1 September 2020
A phoenix rises
As the UK’s green new deal gains momentum and we see increased instability in energy markets leading to rising energy contract prices, a new challenge confronts housing developers: How can developers provide heating to their clients that is safe, cheap, reliable and sustainable? As of 2010 more than 2 million UK households were living in fuel poverty but, thanks to the governments’ new environmental focus, an old pariah might hold the answer. District heating has historically been characterised as a technology with potential in theory but hobbled by too many costs to be embraced wholesale. Since such a system would either require up-front investment when constructing a new development or challenging retrofitting of existing structures, many have remained deterred. Despite this chequered history, district heating is now making a comeback. It can provide low or zero carbon heating at a fraction of the price to consumers that a regular boiler would guarantee. As a result, the BEIS (Department for Business, Energy and Industrial Strategy) is eyeing it as a potential catch-all solution for the UK’s heating needs.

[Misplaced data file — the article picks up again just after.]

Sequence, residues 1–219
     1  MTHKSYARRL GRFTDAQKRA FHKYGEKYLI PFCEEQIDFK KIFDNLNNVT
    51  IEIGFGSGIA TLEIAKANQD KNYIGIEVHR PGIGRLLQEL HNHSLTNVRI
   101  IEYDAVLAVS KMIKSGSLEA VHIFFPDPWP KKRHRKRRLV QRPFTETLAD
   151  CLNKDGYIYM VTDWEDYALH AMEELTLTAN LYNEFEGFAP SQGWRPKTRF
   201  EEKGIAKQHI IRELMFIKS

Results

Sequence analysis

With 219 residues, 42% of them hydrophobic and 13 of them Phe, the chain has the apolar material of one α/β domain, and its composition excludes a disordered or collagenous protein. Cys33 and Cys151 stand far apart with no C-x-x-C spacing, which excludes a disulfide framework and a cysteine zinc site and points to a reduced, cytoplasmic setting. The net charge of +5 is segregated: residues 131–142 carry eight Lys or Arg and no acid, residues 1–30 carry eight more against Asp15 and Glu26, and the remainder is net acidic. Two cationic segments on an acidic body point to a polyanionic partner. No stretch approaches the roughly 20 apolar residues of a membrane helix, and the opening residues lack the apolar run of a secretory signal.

District heating for all
The government has promised a new £40m district heating scheme for this year, showing no reservations about the technology’s potential. The scheme would see large-scale district heating installed in four major cities: Bristol, Leeds, Liverpool and London. Since district heat can use a wider variety of fuels than other common heating technology it is ideal for addressing building heating in the UK. Housing produces 40% of the UK’s carbon footprint comes from, 42% of that figure will come from heating in 2030. The potential for district heating to reduce CO2 on a grand scale, therefore, is profound. As a relatively new technology, district heating’s reputation has suffered due to a lack of solid regulation around its use. However, increased transparency surrounding billing, thanks to firms like Welcome Energy, means consumer trust is being restored as well.